Ask The CEO

Photography by Rebecca Baxter By Molly McCartney January 1, 2011

Lee Roy Selmon made a big name for himself as a Tampa Bay Buccaneer defensive lineman and later as a member of the National Football League’s Hall of Fame. Now he has returned to his roots to promote the values of hospitality and good food that he learned growing up as the youngest of nine children on a farm outside Eufaula, Okla. “My dad and mom always wanted our visitors to know they were welcome, and they would go to the extreme to get the house straightened up, to make people feel welcome. Now I want everyone who comes to the door of our restaurants to have that welcoming experience as well as our good food,” says Selmon, 56. He is the brand and face of the Lee Roy Selmon sports restaurants, which feature Selmon family recipes at six locations from Tampa to Fort Myers. Selmon partnered with Outback Restaurant co-founders Chris Sullivan and Bob Basham to open the first Lee Roy Selmon restaurant in 2000.

How did farm life help your restaurant career? We worked about 80 acres. We had horses, mules, wagons, plows and nine kids. I was the youngest. As soon as we were old enough, we were expected to help. There were animals to feed. If it was planting season, you planted crops. In the summer months, you weeded. In the fall, it was harvest time. We grew cotton, corn and grain to feed the hogs, horses and mules. My mom had a large garden with many vegetables, mostly for the family. She would cook all our meals, and early on, before we had a gas line running to the house, she cooked on a wood stove. We had homemade biscuits and a lot of other good food. My parents didn’t have a lot of money, but what they gave us was invaluable. I bring all those teachings and ideas for good food to what I do now.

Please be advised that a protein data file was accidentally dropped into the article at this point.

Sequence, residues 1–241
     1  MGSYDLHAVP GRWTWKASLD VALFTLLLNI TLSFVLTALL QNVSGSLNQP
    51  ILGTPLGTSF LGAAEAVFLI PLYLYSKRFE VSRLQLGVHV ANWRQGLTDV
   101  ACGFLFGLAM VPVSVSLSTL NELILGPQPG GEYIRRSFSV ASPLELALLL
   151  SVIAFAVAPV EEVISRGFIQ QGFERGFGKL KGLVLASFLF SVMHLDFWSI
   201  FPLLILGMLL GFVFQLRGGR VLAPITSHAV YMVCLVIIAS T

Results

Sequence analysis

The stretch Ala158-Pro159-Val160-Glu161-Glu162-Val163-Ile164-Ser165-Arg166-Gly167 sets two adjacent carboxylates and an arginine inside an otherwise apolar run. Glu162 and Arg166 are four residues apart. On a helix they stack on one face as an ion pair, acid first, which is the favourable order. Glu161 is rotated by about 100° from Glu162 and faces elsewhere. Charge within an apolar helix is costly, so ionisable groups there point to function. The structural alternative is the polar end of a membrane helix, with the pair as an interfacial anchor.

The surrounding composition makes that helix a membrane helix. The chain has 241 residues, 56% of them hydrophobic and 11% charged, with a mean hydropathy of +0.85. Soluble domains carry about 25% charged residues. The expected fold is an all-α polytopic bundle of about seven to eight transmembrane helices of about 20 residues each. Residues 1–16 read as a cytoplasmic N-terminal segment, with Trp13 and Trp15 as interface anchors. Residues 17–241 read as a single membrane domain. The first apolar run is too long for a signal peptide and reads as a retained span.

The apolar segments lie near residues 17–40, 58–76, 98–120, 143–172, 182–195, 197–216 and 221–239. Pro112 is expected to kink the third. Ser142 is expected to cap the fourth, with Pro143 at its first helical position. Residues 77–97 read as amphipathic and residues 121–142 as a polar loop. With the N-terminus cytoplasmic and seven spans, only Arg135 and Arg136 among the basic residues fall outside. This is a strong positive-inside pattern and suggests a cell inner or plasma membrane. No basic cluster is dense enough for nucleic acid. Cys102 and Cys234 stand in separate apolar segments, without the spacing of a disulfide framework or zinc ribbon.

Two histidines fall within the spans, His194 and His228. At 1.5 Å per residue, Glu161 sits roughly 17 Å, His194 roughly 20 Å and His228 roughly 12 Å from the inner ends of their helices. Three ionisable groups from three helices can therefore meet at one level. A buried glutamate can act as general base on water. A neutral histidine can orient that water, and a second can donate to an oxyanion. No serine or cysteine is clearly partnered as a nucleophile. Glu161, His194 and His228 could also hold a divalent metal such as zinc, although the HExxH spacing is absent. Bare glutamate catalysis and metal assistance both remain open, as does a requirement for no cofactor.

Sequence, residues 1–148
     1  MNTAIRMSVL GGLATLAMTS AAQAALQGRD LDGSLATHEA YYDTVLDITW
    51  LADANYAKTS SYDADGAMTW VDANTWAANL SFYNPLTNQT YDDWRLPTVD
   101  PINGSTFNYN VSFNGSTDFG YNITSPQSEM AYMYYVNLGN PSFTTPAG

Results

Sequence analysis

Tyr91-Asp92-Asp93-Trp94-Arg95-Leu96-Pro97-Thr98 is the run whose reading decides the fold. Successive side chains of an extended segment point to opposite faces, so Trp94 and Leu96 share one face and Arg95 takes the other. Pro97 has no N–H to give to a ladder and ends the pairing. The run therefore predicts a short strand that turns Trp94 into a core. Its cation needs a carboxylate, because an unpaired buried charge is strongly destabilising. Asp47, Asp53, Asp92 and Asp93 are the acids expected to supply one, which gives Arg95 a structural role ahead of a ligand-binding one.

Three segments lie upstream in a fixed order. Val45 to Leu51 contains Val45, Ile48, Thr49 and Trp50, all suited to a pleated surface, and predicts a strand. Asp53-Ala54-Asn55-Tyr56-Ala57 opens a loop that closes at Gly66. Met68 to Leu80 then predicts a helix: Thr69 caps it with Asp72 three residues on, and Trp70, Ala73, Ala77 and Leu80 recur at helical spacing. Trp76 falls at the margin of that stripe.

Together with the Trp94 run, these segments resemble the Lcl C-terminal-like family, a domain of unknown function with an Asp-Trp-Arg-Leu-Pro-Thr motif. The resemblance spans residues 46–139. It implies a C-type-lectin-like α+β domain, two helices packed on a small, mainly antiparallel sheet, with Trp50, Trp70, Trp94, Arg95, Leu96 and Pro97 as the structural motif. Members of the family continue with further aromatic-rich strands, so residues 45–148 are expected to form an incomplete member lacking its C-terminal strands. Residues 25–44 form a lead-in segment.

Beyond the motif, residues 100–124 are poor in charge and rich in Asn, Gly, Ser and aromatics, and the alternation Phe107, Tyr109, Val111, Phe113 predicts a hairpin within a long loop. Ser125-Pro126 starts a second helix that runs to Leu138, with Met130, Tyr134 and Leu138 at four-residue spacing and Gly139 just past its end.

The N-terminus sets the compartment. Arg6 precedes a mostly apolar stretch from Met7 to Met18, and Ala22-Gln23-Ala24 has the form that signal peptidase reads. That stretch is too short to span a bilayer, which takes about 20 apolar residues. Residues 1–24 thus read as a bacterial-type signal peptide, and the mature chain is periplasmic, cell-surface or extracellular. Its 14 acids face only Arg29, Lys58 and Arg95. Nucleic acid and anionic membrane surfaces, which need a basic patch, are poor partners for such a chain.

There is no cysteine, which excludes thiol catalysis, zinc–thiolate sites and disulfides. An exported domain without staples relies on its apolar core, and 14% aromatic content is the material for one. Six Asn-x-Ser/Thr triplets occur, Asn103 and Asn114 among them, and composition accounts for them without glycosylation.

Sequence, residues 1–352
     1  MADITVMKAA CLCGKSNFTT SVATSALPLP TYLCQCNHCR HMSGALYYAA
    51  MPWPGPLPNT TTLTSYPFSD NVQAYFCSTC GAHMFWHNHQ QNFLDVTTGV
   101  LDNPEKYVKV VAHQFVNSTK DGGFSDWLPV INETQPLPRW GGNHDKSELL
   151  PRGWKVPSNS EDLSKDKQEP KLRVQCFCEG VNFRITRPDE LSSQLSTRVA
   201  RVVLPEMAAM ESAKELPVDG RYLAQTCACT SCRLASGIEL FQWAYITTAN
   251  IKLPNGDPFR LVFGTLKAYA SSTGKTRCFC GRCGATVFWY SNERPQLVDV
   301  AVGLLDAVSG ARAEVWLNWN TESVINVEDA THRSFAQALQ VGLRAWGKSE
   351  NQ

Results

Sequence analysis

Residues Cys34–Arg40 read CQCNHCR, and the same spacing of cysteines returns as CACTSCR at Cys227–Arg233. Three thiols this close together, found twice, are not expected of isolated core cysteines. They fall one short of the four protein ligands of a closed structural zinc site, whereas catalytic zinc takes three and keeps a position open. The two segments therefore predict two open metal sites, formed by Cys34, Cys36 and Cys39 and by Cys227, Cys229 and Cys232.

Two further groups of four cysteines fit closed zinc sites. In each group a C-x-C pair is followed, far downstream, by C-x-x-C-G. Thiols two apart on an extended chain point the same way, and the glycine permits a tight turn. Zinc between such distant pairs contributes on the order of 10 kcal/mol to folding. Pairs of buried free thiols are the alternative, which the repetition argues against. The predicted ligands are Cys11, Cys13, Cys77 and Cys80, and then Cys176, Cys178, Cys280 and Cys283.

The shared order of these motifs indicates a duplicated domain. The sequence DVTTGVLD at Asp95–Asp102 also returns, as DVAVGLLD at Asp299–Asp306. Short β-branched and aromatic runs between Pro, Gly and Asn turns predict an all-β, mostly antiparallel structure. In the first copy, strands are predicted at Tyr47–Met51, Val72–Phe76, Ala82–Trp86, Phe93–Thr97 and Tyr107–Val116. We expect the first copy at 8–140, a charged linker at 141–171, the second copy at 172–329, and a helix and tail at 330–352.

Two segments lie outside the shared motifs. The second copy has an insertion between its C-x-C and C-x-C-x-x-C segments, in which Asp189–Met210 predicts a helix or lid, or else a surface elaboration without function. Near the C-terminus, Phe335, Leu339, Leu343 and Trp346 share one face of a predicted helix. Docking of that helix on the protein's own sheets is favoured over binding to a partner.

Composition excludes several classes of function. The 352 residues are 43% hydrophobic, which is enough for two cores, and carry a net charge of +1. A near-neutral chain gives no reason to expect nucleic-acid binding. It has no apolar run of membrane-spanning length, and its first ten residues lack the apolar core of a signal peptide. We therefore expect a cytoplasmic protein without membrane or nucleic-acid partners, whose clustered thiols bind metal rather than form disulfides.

Size of your business? We have about 400 employees working at six restaurants in Southwest Florida—two in Tampa, one each in St. Pete, Bradenton, Sarasota and Fort Myers. Since we opened in 2000, we have served more than 1 million people. We have filled about 32,000 orders for fried green tomatoes.

How are sales? It’s trending upward. Customer count is up. We’re up partly because the economy is better, but also because our staff works very hard.

What is your business motto? I liken it to my career in sports. No one is going to let you win. You have to go out and earn it.

Toughest part of your job? There isn’t one. I enjoy it too much.

Best part of your job? The food. You can tell that by the size I am—6 feet, 3 inches and 250 pounds.

Three words that describe you? Humble, energetic, easygoing.

Tips for managing people? As athletic director at the University of South Florida, I always told the staff that I would never fire anybody. I said you could fire yourself. If we have in place a clear outline of your responsibilities, and you are carrying out your responsibilities with integrity, you are going to be fine.

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